Some Lake Erie bull

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Editor’s Note: This is a satirical column to celebrate the upcoming April Fools Day. We hope you enjoy!

The various wildlife resource agencies which surround the Great Lakes have always had an interest in providing a diverse aquatic environment as well as commercial and sport fishing opportunities for their constituents. The influx of invasive fish species such as the round goby, white perch, sea lamprey, Eurasian ruffe and alewife have affected how the lakes are managed.

Concerned with the future of these invaders’ growing numbers, and the inability of current fish-eating species to keep up with their potentially explosive populations, some agencies may be exploring the idea of introducing a more voracious fish to the ecosystem.

A study group is being considered to look at the most likely possibilities. The Consortium of Returning Aquatic Piscivores will study potential candidates that may be suitable to fresh water and capable of trimming some of these unwanted fish populations.

“While walleye, perch and bass do a pretty good job in Lake Erie — it seems that the salmon and trout in most of the other Great Lakes aren’t interested in this foreign food,” said Isaiah Ballonie, the group’s spokesperson. “While we’ve considered pinnacle predatory fish like adding additional musky and northern pike, they aren’t quite as aggressive as you would think. We are currently exploring the idea of introducing a euryhaline species that may have historically fed on these fish.”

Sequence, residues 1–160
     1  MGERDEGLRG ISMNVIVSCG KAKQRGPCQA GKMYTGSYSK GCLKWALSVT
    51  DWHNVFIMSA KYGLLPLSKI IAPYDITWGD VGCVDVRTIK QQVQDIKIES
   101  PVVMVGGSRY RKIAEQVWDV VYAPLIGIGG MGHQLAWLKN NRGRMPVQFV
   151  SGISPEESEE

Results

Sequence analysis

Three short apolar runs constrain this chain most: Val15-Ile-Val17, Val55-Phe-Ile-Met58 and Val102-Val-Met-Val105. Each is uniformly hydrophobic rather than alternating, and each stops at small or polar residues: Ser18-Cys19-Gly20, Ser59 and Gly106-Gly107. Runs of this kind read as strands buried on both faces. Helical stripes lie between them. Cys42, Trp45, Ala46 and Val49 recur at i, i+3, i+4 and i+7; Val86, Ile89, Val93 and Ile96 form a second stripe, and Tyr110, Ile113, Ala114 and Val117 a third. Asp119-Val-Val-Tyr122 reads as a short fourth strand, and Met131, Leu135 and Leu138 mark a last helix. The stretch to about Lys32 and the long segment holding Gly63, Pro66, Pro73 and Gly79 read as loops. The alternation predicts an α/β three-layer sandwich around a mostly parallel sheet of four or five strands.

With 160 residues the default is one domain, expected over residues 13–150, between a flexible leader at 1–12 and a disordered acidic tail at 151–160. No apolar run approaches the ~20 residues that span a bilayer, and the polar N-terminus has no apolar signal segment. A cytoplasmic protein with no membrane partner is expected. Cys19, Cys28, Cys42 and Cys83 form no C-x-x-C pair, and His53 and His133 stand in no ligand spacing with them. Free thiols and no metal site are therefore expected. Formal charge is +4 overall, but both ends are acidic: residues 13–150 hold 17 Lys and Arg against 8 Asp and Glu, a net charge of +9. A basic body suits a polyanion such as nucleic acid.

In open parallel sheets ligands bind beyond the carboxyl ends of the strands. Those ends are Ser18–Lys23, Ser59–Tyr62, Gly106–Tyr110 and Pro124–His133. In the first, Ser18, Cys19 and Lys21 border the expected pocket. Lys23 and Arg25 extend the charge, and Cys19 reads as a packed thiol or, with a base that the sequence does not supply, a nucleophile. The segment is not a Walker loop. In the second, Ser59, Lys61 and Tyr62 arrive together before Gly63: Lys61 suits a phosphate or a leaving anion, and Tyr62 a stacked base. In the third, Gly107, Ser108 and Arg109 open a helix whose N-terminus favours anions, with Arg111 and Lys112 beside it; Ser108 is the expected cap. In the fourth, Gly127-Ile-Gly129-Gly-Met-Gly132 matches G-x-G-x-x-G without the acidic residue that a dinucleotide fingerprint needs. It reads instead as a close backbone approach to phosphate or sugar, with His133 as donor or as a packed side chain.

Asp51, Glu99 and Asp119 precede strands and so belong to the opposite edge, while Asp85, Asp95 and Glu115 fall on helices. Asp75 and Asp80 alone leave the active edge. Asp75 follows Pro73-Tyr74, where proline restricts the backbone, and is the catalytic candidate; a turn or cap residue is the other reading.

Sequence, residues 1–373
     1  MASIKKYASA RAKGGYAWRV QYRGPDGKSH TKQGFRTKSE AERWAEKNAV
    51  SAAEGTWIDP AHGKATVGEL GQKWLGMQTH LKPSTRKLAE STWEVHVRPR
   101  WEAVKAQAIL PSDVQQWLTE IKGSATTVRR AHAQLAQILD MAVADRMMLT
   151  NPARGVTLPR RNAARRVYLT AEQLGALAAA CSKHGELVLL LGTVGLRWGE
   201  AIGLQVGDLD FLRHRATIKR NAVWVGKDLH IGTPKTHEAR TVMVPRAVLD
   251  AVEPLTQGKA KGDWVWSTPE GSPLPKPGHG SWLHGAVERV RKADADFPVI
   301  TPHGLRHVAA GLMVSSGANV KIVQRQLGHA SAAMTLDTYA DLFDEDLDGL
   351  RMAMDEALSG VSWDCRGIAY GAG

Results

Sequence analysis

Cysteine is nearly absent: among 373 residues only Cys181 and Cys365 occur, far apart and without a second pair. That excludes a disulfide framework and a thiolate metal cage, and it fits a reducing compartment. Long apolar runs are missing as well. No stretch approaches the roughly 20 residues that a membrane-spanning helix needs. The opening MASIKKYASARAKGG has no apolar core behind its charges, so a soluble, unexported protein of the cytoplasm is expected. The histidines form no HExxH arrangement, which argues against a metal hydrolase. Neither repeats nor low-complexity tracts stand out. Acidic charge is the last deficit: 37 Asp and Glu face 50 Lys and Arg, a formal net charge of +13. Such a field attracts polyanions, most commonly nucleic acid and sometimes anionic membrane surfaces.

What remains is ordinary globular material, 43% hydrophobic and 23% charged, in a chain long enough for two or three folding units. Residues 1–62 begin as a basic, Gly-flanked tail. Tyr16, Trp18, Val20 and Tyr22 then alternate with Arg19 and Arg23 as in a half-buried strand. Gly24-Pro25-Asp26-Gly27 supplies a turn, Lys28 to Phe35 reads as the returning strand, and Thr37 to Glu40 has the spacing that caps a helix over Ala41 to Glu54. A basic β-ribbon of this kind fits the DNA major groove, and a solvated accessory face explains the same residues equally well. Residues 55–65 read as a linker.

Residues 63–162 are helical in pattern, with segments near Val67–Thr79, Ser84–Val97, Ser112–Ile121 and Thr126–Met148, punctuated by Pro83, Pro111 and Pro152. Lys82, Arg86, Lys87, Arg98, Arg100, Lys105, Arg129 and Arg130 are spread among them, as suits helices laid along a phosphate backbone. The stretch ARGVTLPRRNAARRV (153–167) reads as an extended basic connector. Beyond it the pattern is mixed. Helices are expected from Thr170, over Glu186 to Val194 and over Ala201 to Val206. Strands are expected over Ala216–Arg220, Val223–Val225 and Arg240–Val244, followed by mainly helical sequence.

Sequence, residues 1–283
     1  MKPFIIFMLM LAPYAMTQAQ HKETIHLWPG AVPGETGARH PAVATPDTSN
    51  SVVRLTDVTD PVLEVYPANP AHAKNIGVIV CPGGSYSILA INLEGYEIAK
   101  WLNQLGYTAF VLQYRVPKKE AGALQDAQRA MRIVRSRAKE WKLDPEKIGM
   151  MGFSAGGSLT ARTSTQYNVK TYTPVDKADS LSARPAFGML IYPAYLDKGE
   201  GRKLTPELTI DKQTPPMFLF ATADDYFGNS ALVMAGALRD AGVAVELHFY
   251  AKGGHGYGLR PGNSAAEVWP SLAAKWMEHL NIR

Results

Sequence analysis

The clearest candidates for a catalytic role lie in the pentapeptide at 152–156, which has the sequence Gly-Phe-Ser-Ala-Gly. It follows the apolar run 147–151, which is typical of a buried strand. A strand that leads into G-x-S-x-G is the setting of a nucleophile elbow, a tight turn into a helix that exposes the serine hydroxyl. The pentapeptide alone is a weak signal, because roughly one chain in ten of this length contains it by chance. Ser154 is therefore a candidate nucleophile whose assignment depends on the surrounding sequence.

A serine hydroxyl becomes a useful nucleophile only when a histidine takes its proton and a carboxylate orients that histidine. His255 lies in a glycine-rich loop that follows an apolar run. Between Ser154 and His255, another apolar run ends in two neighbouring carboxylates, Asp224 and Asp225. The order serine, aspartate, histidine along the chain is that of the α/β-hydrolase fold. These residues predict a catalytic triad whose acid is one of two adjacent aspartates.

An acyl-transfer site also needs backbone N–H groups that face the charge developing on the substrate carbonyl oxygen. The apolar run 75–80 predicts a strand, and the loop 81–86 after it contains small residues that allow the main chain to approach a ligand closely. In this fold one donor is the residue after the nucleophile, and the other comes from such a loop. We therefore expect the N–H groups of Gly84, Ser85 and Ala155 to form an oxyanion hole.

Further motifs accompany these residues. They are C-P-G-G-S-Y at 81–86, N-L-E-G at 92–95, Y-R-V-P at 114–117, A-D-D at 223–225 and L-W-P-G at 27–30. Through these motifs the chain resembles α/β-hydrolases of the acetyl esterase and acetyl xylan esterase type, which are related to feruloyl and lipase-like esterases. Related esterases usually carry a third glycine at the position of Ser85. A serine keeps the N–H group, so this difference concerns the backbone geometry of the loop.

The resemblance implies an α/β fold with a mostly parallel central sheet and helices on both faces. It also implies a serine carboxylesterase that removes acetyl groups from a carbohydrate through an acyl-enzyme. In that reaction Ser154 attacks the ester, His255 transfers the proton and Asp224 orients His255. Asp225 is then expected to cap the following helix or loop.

A euryhaline fish can thrive in both salt and fresh water allowing them to be extremely adaptable which gives them a broad ability to hunt.

“This is the type of predatory fish to consider,” Ballonie added. “Many of these invasives in our Great Lakes are also adaptive to both fresh and salt water so an introduced species may have already eaten them. Currently, we are looking at one particular fish that may do well in the big lakes: the bull shark. It’s very fortunate that my brother, Lotta Ballonie, is a marine biologist and can help greatly in any future stocking efforts.”

Bull sharks are known to travel far up freshwater rivers, having been documented as far up the Mississippi River as Alton, Illinois – about 700 miles from the ocean. This ability has resulted in the bull shark having many localized names, including Ganges River shark, Fitzroy Creek whaler, Van Rooyen’s shark, Lake Nicaragua river shark, freshwater whaler, estuary whaler, Swan River whaler, cub shark and shovelnose shark.

“We know that some might have concerns about introducing the bull shark,” Isaiah Ballonie went on. “That’s understandable since Australian research suggests that it’s near the top of their list of most dangerous animals in their country. Of course, we don’t have that many surfers on the lakes.”

If you have an interest in learning about bull sharks in the Great Lakes, visit www.sharksinfo.com/bull-sharks-in-great-lakes.

I’ll let you know if either Isaiah or Lotta Ballonie contact me about their efforts with the Consortium of Returning Aquatic Piscivores (CRAP). In the meantime, have a great April Fool’s Day!

“A sense of humor is the ability to understand a joke — and that the joke is oneself.”

— Clifton Paul Fadiman

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Jim Abrams was raised in rural Columbiana County, earning a wildlife management degree from Hocking College. He spent nearly 36 years with the Department of Natural Resources, most of which was as a wildlife officer. He enjoys hunting, fly fishing, training his dogs, managing his property for wildlife and spending time with his wife Colleen. He can be reached at P.O. Box 413, Mount Blanchard, OH 45867-0413 or via e-mail at jimsfieldnotes@aol.com.

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